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Meet Ri: The Founder of Wall Street Confessions

Are you one of the 80,000+ followers of the Wall Street Confessions Instagram account? I am and let me tell you, if you’re not, you’re missing out.

One thing you may not know about the account — it is run by a woman. As a woman working in corporate America not too far from Wall Street, I loved finding this out so much.

I had the chance to speak with Ri and she’s just as fun as her account is.

Interview with Ri from Wall Street Confessions on Instagram:

GenTwenty: What made you start the Instagram account Wall Street Confessions?

Ri: I was going to school in Washington, D.C. At the time, I didnʼt have many friends, and needed a creative outlet. Iʼve always been highly interested in finance, and for a while, I was following meme accounts.

I always thought that there was more to finance than Excel models and Patagonia vests. There had to be things that people were hiding – as there are with any operation thatʼs as big and complex as Wall Street. I thought of the women who couldnʼt share their stories, the people dealing with mental health issues, and decided that an anonymous outlet was what Wall Street needed.

GenTwenty: Have people always submitted things to you or did you start off just overhearing people talking?

Ri: My first few posts were things that my banker friends have said, or things that I made them tell me for the sake of #content. But it took a very short of time for the page to fully grow into what it is – once people started feeling represented, they started sending things in. The progression of this page has been organic, and thatʼs something Iʼm happy about.

GenTwenty: Are people surprised when they find out a woman is behind the account?

Ri: On occasion, new followers are entirely surprised, and itʼs funny to see their reactions. Iʼve been told that my dry humor and sarcasm resembles that of a 30-something male in investment banking.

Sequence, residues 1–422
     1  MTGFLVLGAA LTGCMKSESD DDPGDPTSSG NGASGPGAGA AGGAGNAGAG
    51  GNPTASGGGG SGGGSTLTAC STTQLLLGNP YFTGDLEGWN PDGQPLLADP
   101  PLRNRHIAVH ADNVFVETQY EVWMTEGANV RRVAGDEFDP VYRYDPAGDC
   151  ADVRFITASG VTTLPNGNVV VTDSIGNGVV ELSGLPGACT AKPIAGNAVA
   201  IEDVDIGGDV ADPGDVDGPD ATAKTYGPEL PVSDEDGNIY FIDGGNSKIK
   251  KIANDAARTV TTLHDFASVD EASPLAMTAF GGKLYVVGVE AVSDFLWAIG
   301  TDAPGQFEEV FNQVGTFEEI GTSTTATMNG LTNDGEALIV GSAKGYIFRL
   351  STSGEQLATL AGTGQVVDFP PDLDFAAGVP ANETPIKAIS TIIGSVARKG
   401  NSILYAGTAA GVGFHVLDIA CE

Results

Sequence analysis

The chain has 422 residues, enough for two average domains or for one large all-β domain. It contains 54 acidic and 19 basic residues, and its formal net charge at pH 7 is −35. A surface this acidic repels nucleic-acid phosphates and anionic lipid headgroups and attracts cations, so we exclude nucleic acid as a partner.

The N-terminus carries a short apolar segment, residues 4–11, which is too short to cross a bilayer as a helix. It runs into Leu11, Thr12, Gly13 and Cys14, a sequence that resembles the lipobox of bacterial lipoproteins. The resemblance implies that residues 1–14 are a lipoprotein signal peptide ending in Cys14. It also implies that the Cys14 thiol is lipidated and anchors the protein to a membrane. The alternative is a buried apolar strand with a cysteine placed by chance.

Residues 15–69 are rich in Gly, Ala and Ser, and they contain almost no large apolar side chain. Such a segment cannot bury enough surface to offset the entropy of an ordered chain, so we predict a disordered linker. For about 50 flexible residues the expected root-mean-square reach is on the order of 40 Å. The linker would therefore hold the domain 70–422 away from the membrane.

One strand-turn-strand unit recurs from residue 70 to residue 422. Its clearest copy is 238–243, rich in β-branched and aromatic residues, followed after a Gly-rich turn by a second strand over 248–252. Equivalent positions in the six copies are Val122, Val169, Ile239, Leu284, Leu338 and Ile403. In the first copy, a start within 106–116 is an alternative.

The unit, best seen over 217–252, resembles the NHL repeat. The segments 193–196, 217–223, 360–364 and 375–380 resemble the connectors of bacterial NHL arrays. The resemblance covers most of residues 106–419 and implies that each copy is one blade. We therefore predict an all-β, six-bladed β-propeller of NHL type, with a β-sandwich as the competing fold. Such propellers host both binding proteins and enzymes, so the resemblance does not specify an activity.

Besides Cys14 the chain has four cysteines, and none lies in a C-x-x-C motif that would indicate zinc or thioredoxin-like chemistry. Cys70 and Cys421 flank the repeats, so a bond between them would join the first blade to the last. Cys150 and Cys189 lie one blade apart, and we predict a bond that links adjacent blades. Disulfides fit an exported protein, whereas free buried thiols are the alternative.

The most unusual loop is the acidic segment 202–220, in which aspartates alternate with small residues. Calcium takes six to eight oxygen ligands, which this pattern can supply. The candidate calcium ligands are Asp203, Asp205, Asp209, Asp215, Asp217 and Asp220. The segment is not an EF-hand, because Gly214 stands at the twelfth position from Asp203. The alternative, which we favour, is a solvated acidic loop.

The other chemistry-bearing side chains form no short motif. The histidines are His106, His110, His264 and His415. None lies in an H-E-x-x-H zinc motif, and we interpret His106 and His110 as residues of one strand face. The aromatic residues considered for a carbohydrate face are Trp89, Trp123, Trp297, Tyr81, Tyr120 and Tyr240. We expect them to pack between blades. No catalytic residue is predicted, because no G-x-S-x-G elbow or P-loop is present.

I was quoted as “Gossip Girl for the Wall Street crowd” in another article, and I wear that title like a crown upon my head. Generally speaking, Iʼm extremely transparent about it. I love posting stories about my favorite bags, fashion trends, etc. I think a female perspective is much needed in any space, but especially in this one.

GenTwenty: I’ve gotta ask – do you work in Corporate America? If yes, whatʼs it like being a woman in that world?

Ri: I am currently an undergraduate student at a university in New York. I have work experience that I havenʼt listed on my LinkedIn for privacy reasons, but I have noticed that women are treated differently, no matter how progressive a work
environment can be.

Aside from that, Iʼve experienced misogyny from Wall Street bros in my comment section, DMs, and even anonymously. My personal favorite dig was when a man told me I was ‘ovary-reacting.ʼ

That was nice.

GenTwenty: Yikes! Well, with that, whatʼs one piece of advice you have to fellow women out there?

Ri: I donʼt think I can give just one piece of advice – so Iʼll give more.

  1. Never let a man make you feel inferior in any way, shape or form. You deserve to be where you are. Men love to say that we get where we are for a myriad of reasons – whether it be that we are ‘diversity hiresʼ, or whatever else. But we are conditioned to work harder than they do. At the end of the day, just remember that you likely had to work harder than the average male to get your position. The glass ceiling at the top of the skyscraper has yet to be broken, but I think that each time a woman gets into a male dominated environment, she breaks a glass ceiling of her own.
  2. Hold. Your. Ground. If you know youʼre right, donʼt back down. The easy way out of things is to cower. The hard way is to show why youʼre right, why what youʼre doing is effective, and why youʼre adding value. Going along with
    everything someone says and being a people pleaser will only get you so far in life.
  3. Make sure youʼre in an environment that you can thrive in – spiritually, emotionally, and physically. If you arenʼt, evaluate why youʼre still in that environment, and make a change. The biggest mistake Iʼve seen my fellow women make is think that things will get better if theyʼre consistently miserable. Iʼve thought this as well, and guess what? It didnʼt work out. Evolve out of where you are if you feel as though you arenʼt doing well, or figure out how to thrive in an environment that youʼll likely have to spend some time if the circumstances call for that.
  4. Make time for yourself. Seriously. Read a book, have a cup of tea, meditate, get a blowout (preferably when weʼre at the point of a ‘new normalʼ.) Take care of yourself and focus on your wellbeing.